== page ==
Laparoscopic Treatment of Vesicovaginal Fistula
Marcos Tobias-Machado 1, Pablo Aloisio Lima Mattos 1, Pedro Romanelli de Castro 2, Ricardo Hissashi Nishimoto 3, Antonio Carlos Lima Pompeo 1
1 Section of Minimally Invasive Surgery, Department of Urology, ABC Medical School, Santo André, São Paulo; 2 Section of Minimally Invasive Surgery, Mater Dei Hospital, Belo Horizonte, Minas Gerais and 3 Department of Urology, Minas Gerais Hospital Foundation, MG, Brazil
Introduction: Vesicovaginal fistula is a rare disease with great impact for the patients. Laparoscopic repair can be an interesting option in selected cases with goods results but few experience is reported. Objectives: Detailed demonstration of our laparoscopic vesicovaginal fistula repair technique. Initial results for ten patients are provided Methods: We treated all cases by the same technique. The surgical steps were: Patient positioning in Lloyd-Davis; Cystoscopy and implant of guide wire on fistula and ureteral catheters (that was removed after procedure); Transperitoneal access and 4 or 5 ports in V or W shape; Opening the bladder wall; Dissection between bladder and vagina for tension free repair; Fistula resection; Vagina repair with Vicryl 3-0; Bladder repair with Vicryl 3-0; Peritoneum/omentum interposition; Positioning 20 Fr urethral catheter. Results: Mean age was 50 years. Mean number of fistulas was 1,2. The most common etiology was gynecologic surgery (7). Mean operative time was 2,5 (1,8-3,2) hours. Mean blood loss was 150 (100-200)mL. Complication rate was 10% (one case of urinary infection treated conservatively). Mean hospital stay was 1,2 (1-2) days. Mean return to normal and activities was 20 (15-30) days. For nine patients mean sexual intercourse time was 3 (1-6) months. Success rate after 1 year was 90% (one case of recurrence in patient with previous radiotherapy). Mean follow-up was 36 (12-60) months. Conclusions: Laparoscopic repair is feasible, reproducible and present all advantages of minimally invasive surgical procedure. Long term results are similar to conventional open approaches.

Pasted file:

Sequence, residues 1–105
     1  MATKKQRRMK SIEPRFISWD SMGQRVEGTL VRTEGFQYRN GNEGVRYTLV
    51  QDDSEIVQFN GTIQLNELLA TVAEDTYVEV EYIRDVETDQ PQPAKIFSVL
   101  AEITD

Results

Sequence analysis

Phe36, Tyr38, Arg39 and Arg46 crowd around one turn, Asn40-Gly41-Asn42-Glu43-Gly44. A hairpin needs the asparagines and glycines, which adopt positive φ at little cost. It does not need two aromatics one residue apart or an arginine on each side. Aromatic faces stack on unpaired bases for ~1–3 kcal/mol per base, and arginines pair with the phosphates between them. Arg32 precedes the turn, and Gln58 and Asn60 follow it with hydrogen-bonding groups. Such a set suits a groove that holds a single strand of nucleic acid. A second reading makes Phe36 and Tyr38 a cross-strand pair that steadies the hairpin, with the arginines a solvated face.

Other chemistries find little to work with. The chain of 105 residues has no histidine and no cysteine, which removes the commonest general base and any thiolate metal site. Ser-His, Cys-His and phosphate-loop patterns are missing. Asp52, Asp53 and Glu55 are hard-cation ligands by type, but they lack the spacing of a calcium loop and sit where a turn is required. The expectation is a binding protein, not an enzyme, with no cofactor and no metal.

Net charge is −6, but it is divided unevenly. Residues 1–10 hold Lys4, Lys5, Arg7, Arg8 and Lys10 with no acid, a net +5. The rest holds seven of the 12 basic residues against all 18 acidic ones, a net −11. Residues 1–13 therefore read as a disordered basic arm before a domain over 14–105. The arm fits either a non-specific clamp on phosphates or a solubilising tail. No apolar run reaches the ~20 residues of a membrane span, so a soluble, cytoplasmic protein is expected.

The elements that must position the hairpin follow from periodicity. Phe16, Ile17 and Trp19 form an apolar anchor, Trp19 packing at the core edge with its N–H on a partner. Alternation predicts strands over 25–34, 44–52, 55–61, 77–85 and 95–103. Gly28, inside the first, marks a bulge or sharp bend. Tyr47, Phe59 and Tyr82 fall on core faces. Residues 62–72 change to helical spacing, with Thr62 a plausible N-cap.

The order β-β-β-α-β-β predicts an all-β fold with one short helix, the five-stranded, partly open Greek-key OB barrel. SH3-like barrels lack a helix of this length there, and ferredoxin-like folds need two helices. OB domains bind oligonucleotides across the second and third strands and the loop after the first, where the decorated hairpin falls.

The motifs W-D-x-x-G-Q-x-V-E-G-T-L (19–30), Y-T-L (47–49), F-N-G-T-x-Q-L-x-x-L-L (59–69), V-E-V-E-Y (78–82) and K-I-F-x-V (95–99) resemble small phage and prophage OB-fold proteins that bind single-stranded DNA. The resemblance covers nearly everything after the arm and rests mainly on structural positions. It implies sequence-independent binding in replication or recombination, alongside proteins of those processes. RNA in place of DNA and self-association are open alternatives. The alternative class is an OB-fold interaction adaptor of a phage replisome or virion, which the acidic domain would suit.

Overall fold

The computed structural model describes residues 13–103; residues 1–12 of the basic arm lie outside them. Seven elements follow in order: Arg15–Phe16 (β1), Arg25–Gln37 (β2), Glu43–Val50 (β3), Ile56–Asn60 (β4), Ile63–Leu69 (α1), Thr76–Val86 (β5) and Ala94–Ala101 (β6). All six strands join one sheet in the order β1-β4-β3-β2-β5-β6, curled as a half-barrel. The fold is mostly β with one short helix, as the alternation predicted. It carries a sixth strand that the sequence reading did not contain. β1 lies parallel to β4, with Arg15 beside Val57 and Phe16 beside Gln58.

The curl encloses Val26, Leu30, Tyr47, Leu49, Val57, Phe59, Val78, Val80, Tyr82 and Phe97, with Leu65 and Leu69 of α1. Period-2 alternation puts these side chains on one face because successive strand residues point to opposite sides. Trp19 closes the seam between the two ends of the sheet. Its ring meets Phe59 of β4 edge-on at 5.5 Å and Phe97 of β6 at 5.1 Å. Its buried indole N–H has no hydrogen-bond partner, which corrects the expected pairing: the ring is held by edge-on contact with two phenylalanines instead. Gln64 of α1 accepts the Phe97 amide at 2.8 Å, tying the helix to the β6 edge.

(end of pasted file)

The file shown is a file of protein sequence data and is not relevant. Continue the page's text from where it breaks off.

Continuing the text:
Int Braz J Urol. 2014; 40 (Video #9): 435-6
Vesicovaginal fistula is a potentially devastating complication. Repair of vesicovaginal fistula can prove challenging especially if the patient has received radiotherapy or the fistula is recurrent and/or large. Many vesicovaginal fistulae can be treated using a transvaginal technique (1,2). The video by Tobias et al nicely depicts a laparoscopic technique that utilizes all the components of the open O’Conor technique. Specifically, a transperitoneal approach to open the bladder, followed by excision of the fistula tract, dissection of the bladder off of the vagina with separate closures and omental interposition are used (3). This approach does require advanced laparoscopic skills. In their series with intermediate follow-up they are able to achieve excellent success rates. Their patients seemed to benefit from the laparoscopic approach as they were able to go home within 1-2 days.
Hubert Swana, MD